Worst Trade No. 11: Overpaying for Larry Nance Sr.
This is probably the most controversial entry on this list, as many Cavaliers fans look at this trade as a resounding success. After spending the first 6.5 seasons of his career on the Phoenix Suns, Larry Nance Sr. became a Cleveland Cavalier in February of 1988. He would go on to have a long career in Cleveland as a fan favorite, making two All-Star Games and three All-Defensive teams.
Why would this trade show up on a list of the worst trades? Well, it all has to do with who the Cavaliers gave up. In exchange for Nance and what amounted to flotsam, the Cavaliers sent rookie guard Kevin Johnson, two role players in Tyrone Corbin and Mark West, and three future draft picks — including the 14th pick in the upcoming 1988 NBA Draft.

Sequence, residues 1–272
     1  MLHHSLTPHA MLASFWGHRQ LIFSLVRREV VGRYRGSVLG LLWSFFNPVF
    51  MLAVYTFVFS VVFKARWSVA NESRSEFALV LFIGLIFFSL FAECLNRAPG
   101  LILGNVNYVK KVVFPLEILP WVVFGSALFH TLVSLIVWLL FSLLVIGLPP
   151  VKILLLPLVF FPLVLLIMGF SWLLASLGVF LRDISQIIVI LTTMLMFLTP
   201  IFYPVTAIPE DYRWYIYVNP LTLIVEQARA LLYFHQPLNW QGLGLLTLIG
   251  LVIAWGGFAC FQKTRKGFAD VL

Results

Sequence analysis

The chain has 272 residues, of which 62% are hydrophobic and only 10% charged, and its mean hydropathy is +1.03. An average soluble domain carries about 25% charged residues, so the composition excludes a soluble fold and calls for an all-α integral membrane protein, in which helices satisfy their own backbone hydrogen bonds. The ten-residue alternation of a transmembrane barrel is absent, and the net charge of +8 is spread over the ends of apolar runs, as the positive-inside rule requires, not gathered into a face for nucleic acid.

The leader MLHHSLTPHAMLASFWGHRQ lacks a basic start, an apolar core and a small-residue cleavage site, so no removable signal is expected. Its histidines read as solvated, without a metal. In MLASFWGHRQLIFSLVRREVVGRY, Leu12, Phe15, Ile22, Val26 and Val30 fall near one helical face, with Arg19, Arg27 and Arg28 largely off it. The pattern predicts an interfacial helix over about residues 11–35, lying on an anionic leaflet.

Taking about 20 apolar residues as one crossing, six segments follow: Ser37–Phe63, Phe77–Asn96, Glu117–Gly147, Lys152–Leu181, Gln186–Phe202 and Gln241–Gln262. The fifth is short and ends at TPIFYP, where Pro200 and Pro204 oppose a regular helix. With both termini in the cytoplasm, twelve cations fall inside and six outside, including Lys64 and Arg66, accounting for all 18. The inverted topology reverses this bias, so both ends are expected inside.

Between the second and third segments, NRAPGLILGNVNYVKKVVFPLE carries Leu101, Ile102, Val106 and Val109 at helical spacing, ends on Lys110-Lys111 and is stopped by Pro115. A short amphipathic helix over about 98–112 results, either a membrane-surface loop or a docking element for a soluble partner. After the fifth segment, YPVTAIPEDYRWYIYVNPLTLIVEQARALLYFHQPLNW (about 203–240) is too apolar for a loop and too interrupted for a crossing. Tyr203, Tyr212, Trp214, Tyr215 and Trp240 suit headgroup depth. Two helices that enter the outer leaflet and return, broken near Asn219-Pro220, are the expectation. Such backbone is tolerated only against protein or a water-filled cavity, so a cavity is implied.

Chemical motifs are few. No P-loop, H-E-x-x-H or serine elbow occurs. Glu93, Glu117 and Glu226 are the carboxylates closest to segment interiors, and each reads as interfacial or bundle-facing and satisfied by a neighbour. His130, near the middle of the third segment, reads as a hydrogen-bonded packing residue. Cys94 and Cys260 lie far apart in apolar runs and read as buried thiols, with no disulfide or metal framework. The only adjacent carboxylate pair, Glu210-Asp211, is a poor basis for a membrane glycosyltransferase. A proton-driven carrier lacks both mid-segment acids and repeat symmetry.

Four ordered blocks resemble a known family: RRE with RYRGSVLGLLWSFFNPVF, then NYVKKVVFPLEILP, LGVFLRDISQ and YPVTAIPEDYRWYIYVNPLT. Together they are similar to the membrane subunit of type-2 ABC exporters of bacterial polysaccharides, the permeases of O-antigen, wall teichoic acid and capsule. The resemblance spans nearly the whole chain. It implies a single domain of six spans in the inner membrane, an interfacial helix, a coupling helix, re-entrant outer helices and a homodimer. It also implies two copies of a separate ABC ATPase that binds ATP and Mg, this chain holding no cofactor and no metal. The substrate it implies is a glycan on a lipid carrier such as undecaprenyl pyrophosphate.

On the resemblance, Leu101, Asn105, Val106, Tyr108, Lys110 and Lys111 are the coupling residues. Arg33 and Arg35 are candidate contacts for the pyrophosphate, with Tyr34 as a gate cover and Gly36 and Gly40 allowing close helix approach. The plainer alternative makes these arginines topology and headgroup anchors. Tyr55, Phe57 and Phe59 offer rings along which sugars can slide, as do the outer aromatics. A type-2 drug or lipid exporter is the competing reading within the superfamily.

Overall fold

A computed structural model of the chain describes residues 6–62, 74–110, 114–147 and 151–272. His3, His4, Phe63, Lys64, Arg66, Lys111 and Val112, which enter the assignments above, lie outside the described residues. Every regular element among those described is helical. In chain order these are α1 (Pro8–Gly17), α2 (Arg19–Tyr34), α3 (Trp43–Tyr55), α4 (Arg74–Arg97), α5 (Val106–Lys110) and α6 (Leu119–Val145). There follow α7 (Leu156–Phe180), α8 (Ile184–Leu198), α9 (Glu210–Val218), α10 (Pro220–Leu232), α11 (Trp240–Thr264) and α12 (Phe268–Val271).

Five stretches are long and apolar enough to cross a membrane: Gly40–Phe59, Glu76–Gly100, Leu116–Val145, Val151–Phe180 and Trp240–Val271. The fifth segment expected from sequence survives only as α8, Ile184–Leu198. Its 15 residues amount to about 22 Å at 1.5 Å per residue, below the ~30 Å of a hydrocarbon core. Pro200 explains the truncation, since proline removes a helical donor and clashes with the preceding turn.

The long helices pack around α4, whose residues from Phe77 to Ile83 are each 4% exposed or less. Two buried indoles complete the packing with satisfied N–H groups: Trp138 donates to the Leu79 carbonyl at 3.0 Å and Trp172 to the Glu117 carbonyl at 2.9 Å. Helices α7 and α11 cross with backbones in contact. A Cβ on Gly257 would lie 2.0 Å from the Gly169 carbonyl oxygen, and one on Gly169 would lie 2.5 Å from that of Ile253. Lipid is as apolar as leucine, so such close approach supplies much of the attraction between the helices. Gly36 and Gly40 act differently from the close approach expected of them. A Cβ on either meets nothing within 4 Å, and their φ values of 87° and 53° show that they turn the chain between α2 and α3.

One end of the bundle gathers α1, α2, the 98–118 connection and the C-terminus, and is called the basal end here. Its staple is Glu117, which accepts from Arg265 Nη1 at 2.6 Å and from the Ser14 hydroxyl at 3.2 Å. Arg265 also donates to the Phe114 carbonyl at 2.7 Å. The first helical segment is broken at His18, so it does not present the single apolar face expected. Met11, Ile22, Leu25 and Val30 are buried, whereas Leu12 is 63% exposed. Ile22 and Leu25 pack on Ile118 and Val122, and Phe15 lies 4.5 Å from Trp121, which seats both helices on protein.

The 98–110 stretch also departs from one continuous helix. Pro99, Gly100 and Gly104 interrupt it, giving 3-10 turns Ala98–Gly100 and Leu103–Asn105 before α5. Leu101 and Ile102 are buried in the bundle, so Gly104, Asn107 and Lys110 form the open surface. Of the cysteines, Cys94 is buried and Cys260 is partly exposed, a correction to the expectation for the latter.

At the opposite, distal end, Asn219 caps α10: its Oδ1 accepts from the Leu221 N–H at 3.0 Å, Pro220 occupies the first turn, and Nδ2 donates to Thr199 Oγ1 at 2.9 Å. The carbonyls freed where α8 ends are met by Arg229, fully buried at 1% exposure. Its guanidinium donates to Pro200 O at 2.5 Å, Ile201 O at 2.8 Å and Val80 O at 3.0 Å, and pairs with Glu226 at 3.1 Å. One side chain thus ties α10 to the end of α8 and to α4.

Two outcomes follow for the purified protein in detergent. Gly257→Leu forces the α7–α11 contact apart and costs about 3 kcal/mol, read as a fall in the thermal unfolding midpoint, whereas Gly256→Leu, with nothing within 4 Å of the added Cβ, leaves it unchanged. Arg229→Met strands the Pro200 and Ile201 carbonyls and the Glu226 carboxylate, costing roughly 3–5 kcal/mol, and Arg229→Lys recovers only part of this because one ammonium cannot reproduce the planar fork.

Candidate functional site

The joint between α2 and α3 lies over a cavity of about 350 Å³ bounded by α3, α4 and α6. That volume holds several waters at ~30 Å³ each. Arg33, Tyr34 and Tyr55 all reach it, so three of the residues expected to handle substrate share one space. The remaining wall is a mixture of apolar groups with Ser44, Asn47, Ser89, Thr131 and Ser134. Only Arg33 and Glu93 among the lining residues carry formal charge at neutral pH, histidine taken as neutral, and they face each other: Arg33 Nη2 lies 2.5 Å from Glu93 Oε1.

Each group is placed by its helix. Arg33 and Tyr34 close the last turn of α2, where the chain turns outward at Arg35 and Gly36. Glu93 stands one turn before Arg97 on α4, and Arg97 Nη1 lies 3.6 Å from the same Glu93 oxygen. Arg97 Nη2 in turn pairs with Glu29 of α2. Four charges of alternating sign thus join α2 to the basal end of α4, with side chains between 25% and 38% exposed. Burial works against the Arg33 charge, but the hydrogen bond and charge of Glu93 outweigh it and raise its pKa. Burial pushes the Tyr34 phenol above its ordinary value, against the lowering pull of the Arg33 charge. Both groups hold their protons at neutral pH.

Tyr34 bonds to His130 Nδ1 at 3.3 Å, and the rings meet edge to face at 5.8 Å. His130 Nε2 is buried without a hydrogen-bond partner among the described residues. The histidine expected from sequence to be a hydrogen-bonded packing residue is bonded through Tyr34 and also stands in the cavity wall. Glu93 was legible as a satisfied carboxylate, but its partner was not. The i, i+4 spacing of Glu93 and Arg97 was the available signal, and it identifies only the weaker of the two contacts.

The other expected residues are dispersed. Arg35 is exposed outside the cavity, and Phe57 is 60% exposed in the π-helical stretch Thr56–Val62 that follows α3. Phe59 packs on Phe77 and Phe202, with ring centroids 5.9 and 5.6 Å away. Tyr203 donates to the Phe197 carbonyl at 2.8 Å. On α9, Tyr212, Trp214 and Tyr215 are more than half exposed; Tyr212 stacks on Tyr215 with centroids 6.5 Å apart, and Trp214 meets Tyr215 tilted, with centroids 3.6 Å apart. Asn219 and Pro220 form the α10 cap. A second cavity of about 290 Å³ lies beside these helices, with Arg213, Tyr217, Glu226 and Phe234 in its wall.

Johnson went on to make five All-NBA teams running the point for the Phoenix Suns, averaging 22.5 points and 11.4 points per game in his third season in the league. He led the Suns to the Western Conference Finals that season, and a few years later the Suns made it to the NBA Finals. For all that Nance was beloved on those Cleveland teams, Johnson had a much better career.
Then add in the other pieces in the trade. Mark West was the starting center for the Suns for much of Johnson’s tenure, including starting all 23 games in their NBA Finals run. Ty Corbin didn’t stay long in Phoenix but had a long 16-year career. And that first-round pick in 1988 was used on Dan Majerle, who became a three-time All-Star starting alongside Johnson in the Suns’ backcourt.
Nance’s defenders will point to his fit on the team and his necessary defensive impact, and claim that Mark Price and Kevin Johnson couldn’t have co-existed in the Cavs’ backcourt. That might be true, but it also might not have been true, and by selling quickly and too-low on Johnson the Cavs got the short-end of the stick in this deal.